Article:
TOPSHOTS Apple chief executive Tim Cook praises the new iPhone 5S as the most refined model the company has ever introduced on September 10, 2013 in Cupertino, California. Apple unveiled two new iPhones on Tuesday in its bid to expand its share of the smartphone market, including one as low as $99 with a US carrier contract. “The business has become so large that this year we are going to replace the iPhone 5 and we are going to replace it with two new designs,” Apple chief Tim Cook announced at the company’s Silicon Valley headquarters. Apple will begin taking orders on Friday, and on September 20 the two devices will go on sale in the United States, Australia, Britain, China, France, Germany, Japan and Singapore. AFP PHOTO/GLENN CHAPMANGLENN CHAPMAN/AFP/Getty Images

It has been 10 years since Steve Jobs stepped to the stage and changed the world. Is that hyperbole? Sure, but this is an Apple article after all. Just drinking the trillion dollar Kool-Aid. Anyway, like Apple or not, the iPhone changed the conversation in mobile technology for the next decade. At the time the iPhone was a killer device in a field where Blackberry, Palm, Microsoft, and Nokia were the big fish in the pond. And where are they now? So, you can be an Apple hater, but even the staunchest hater has to admit what the iPhone did to the industry.

So here we are, ten years later, and the smartphone industry has grown a little bit stale. Do we look to Tim and the Cupertino boys to shake things up again? It’s not unreasonable to think Apple could. There are new horizons just waiting to be reached in the mobile industry, in the field of wearables, AR, and probably a few things that aren’t even out there yet. Apple, as much as anyone, could be the next big thing (see what I did there?) that the industry is waiting for.

All about the UX

Apple is all about the user experience, and that’s what this industry needs – a UX refresh. Apple introduced the iPhone on the back of a UX refresh. Some companies are dabbling in new technologies, fleshing them out, and waiting for someone to swoop in and get things totally right. And isn’t that what Apple generally does best? Wait for other companies to go through the growing pains and then release an optimal user experience? It’s not the most innovative approach, but it has served Apple of late.

Apple also has the following needed to build a new concept – whether that’s a new ecosystem of devices, or services, or something I haven’t even thought of. One of the hardest things about revolutionizing an industry is getting people on board. People fear change, unless it has a lower case “i” in front of it; then it’s courageous. But seriously, Apple has the kind of following that could adopt a whole new concept, with almost no questions asked. That’s a powerful thing to have, especially for an industry that is in need of a refresh.

And yet…

But here’s the thing. Apple hasn’t really been blowing us away with new revolutions lately. The one thing that Apple really beat everyone to the punch to was Siri, over five years ago. And before long, Google Assistant and even late comer Cortana left Siri looking like a sterile experience. Apple’s innovations don’t usually come with a lot of thunder any more. Certainly nothing approaching the revolution that the iPhone was.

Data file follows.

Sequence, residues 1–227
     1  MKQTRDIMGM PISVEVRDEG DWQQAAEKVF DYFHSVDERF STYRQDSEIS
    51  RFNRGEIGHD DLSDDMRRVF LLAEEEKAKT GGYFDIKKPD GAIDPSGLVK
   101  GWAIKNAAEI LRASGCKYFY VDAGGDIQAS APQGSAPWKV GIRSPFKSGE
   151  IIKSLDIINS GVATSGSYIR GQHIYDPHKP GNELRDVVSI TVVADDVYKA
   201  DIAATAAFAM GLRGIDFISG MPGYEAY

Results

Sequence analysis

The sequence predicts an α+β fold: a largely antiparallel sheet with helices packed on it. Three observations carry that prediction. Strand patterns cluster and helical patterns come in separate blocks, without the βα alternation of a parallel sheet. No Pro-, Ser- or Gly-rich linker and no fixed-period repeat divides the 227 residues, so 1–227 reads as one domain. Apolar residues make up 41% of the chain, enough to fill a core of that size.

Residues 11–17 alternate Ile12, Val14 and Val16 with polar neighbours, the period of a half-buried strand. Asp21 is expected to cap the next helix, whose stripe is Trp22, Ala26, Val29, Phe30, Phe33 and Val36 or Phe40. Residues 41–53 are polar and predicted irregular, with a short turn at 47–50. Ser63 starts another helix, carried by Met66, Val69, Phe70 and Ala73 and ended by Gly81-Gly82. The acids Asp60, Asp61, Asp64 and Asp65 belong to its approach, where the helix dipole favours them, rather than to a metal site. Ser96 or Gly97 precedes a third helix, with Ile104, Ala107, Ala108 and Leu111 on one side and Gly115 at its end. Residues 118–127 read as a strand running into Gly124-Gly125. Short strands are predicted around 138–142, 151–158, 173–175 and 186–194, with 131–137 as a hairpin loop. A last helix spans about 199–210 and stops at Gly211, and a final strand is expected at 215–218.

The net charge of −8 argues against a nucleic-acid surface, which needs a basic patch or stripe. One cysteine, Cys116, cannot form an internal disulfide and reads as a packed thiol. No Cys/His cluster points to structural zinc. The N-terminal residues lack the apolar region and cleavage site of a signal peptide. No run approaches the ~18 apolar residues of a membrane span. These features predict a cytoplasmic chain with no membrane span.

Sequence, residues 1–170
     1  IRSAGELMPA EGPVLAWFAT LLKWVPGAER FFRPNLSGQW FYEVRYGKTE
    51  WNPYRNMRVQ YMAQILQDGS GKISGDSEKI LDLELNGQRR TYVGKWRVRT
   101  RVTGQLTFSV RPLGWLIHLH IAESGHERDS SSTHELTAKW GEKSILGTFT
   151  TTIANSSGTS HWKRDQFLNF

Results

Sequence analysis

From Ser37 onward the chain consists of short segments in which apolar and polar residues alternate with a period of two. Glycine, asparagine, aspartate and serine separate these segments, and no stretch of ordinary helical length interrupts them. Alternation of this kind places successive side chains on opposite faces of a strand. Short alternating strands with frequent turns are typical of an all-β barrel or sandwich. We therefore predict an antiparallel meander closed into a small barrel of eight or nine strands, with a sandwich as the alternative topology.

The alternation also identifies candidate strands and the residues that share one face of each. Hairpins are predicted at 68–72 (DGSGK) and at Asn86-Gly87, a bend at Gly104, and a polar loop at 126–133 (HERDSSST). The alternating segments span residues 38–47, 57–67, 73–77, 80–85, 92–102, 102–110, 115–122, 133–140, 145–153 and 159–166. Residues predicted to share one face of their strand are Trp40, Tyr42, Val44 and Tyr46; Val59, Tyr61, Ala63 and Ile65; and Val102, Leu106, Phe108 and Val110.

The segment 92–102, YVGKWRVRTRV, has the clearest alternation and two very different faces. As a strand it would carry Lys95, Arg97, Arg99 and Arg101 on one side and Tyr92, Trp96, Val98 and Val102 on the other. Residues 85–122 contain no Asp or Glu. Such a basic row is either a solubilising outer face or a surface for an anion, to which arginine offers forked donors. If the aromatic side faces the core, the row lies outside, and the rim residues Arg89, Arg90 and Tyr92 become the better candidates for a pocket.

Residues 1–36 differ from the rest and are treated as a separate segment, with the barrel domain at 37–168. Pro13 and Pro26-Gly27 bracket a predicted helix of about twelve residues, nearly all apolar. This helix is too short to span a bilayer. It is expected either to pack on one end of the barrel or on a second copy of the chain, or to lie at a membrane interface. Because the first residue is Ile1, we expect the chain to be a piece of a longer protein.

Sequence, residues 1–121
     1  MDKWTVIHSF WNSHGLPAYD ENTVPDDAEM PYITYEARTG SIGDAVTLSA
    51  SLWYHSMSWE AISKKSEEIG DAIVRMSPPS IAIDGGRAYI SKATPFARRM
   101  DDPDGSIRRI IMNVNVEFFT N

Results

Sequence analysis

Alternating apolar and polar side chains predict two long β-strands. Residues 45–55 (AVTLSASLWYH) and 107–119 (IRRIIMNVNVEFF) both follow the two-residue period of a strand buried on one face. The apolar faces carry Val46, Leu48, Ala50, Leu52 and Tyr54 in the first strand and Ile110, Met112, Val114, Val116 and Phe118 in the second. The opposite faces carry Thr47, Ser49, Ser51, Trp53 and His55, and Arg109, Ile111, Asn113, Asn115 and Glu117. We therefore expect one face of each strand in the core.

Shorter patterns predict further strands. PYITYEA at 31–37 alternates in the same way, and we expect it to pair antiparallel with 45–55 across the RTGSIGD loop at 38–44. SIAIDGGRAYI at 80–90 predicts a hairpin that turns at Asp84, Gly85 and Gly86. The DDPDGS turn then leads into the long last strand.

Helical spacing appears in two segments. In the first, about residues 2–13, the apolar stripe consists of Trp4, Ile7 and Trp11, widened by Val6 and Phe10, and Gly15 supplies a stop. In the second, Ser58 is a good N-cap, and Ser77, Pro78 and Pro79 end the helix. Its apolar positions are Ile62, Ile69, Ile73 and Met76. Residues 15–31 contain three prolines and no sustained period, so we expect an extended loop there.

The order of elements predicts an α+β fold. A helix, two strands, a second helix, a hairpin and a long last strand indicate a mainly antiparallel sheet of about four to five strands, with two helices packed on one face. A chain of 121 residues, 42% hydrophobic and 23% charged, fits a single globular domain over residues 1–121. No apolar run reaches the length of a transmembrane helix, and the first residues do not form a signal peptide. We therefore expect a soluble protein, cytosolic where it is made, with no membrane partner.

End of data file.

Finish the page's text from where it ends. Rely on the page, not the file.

We’ve hit a point of critical mass in smartphones where the next revolution can’t be something that goes in your pocket. It needs to be something fresh and accessible, and a complete departure from what we have now. This leaves Apple at a disadvantage because Apple is more about refining what’s there, not coming up with something brand new. Not lately. If Apple is going to turn the industry on its head, odds are it’s going to do something with AR or VR, because to be honest, that’s about the only thing that’s potentially world-altering enough, but has a presence today.

All for one, one for all

Plus, we’re all changing so much year over year that even if Apple does develop the next big thing, Samsung or Google (or both) will be right on its heels developing their own versions, until we get to the point where we don’t know where one stops and the other starts. If the world is going to change, it’s going to be through the efforts of all three companies, not just Apple.

Besides, we talked earlier about Apple’s following. Consider Samsung. If I had to put money down today on who would lead this industry into the next era, my money would be on Samsung. It is big enough, has money enough, and resources enough to do it. Plus, it’s Samsung. Samsung tries everything. But I don’t want this to turn into a Samsung cheerleader piece. I want to hear from you.

Do you think Apple has it in them to revolutionize the industry again? What form do you think that will take? If not Apple, who? Who will usher in the next big thing in the mobile technology industry? It’s not as easy as it sounds, so sound off down below, and let’s see if we can figure this out.

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